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Online Degree Options Continue to Grow

Over 1.2 million students were enrolled in online higher education programs at the close of 2005 according to Eduventures, a leading education market research firm. As students across the nation flock to online degree programs, educators and prospective students alike are wondering: Is online education here to stay?

Experts agree that online education is very much on the rise, and it seems to be here for the long run. Eduventure predicts, “By early 2008, around one in ten college students will be enrolled in an online degree program.”

Online All the Time
A large number of schools offer only online classes, and have little or no campus-based component but are formally accredited according to the same system as traditional campus-based colleges and universities. Students can choose from hundreds of accredited degree programs ranging from business to Web design to health sciences and more. New programs apply for accreditation each year, and many non-accredited programs offer their own certification for completed coursework.

Until recently, colleges that offer more than half of their courses online could not receive federal student aid. In March, however, Congress passed a law that dropped this requirement. The new law marks a transition for the fledgling online education industry, and will undoubtedly prompt more students and schools to tap into this growing trend.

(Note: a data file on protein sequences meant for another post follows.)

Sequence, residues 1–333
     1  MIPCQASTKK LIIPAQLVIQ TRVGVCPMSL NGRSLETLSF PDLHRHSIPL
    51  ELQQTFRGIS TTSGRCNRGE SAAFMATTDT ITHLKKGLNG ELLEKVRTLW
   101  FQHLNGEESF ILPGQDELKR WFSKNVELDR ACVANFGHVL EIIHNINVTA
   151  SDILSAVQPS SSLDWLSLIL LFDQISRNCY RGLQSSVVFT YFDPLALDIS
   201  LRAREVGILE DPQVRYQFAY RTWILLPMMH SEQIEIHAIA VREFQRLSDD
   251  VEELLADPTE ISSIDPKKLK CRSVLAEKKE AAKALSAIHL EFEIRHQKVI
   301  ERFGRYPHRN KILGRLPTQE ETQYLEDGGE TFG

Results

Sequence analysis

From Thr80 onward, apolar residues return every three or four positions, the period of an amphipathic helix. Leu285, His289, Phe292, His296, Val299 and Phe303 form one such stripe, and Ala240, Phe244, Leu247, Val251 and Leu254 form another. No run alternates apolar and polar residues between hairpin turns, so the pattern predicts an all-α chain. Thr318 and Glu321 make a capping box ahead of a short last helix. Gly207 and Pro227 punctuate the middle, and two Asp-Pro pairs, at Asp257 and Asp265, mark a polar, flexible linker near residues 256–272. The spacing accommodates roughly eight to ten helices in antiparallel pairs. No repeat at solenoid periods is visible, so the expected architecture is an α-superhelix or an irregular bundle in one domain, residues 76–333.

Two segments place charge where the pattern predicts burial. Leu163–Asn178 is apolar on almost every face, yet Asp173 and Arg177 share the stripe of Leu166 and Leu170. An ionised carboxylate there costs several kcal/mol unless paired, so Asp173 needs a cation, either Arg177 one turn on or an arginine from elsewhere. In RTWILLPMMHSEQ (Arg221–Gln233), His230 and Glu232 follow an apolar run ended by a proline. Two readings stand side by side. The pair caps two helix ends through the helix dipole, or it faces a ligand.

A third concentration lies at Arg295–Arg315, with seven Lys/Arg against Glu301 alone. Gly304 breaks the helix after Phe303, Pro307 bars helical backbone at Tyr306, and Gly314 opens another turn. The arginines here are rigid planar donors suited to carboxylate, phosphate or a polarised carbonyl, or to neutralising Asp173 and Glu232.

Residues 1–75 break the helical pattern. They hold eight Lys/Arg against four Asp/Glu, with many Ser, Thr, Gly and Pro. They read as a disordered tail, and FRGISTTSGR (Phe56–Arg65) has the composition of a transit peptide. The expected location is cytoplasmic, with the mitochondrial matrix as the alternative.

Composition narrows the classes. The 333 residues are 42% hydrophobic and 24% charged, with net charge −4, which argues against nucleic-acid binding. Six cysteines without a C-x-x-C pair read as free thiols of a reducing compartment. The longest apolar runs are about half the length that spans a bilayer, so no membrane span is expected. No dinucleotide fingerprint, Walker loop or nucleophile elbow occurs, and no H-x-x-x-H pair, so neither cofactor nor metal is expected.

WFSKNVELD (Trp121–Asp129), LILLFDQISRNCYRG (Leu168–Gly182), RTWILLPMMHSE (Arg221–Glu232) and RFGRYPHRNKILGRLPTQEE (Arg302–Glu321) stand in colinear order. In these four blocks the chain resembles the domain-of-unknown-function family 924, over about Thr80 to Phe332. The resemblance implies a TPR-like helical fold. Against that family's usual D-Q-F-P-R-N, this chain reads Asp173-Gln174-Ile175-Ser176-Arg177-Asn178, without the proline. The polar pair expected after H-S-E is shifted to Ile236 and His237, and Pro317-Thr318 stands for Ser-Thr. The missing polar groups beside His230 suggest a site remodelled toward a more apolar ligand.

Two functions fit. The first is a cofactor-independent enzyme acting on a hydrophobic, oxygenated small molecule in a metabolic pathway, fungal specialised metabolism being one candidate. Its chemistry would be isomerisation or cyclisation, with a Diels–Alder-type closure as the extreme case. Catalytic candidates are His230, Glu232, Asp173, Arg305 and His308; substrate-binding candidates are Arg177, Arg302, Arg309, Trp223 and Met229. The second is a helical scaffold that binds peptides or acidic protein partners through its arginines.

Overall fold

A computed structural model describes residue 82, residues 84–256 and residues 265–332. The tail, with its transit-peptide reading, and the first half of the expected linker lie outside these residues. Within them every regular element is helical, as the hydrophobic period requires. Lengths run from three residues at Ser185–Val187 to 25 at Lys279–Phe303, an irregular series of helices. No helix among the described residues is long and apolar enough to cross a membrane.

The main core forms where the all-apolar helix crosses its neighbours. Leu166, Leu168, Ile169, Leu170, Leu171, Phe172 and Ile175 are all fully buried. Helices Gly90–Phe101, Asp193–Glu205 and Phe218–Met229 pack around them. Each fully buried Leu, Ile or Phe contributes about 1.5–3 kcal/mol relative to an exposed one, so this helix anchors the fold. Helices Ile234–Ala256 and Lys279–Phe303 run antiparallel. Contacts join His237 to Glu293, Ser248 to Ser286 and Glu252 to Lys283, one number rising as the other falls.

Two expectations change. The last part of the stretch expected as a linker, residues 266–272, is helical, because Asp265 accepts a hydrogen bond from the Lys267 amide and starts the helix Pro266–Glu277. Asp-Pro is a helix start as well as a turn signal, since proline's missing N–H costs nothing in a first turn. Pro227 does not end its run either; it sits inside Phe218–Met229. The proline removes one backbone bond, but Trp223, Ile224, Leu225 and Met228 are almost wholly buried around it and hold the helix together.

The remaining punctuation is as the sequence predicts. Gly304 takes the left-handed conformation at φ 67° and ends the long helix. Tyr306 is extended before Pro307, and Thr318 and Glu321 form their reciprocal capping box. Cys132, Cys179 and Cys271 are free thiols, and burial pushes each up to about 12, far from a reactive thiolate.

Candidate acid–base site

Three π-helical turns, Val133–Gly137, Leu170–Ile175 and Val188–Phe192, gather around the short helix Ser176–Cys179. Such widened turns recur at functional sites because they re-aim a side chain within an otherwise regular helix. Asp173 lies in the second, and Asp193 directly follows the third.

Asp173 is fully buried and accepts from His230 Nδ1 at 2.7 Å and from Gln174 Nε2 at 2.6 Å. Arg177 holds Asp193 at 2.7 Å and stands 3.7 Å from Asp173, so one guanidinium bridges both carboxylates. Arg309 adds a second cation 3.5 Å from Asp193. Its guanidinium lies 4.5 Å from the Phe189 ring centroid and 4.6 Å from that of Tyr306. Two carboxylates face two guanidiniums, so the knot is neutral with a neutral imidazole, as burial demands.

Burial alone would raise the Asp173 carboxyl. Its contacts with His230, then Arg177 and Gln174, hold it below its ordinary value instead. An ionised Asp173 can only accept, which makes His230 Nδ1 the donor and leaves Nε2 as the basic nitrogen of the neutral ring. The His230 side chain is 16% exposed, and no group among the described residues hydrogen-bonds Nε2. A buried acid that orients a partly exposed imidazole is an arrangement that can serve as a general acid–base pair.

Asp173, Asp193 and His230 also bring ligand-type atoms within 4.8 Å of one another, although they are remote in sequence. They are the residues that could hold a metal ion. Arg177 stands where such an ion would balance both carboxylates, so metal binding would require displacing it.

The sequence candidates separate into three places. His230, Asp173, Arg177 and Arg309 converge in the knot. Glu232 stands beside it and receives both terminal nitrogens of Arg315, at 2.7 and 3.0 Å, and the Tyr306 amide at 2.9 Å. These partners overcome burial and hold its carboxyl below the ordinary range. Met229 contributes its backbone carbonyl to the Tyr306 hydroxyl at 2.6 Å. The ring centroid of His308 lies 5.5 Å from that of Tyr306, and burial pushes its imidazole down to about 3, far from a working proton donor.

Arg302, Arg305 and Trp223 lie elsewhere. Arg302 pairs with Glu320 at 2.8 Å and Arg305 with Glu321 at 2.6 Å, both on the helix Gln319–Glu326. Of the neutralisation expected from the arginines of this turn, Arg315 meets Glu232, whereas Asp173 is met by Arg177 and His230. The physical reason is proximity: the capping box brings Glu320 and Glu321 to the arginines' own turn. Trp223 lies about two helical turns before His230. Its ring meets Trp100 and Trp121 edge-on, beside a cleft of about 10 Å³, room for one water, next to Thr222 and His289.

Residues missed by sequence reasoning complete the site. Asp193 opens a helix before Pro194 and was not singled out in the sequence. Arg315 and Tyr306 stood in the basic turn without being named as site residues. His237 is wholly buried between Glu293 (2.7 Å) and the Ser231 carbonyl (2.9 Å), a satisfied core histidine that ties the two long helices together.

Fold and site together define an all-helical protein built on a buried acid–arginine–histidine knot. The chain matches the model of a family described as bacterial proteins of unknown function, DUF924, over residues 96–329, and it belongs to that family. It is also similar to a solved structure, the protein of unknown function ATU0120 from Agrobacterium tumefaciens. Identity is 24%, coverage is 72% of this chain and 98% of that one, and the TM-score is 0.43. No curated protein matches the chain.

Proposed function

Off the Campus and Onto the Web
Many campus-based colleges and universities have questioned the legitimacy of a degree program that does not center on face-to-face learning. Still, a growing number of traditional schools are making the leap from on-campus to online. The number of colleges that offer some sort of distance learning program rose from 62 percent in 1998 to 87 percent in 2004, according to the International Data Corporation. A study funded by the Alfred P. Sloan Foundation reports that 65 percent of universities with in-person graduate programs also offer graduate courses online.

Some employers remain slow to accept online degrees, according to the Chronicle of Higher Education. However, a number of high-profile traditional colleges are playing important roles in making the Internet an accepted platform for higher education. Later this year, the Massachusetts Institute of Technology will complete its pioneering “OpenCourseWare” project, which makes all MIT course material available on the Internet, free of charge, to anyone in the world.

Getting in Synch with Your Online Education Options
With so many students turning to online degree programs, how do they sort through the many different options available to them? Online degree programs fall into two broad categories: asynchronous learning and synchronous learning.

Publish date: June 11, 2008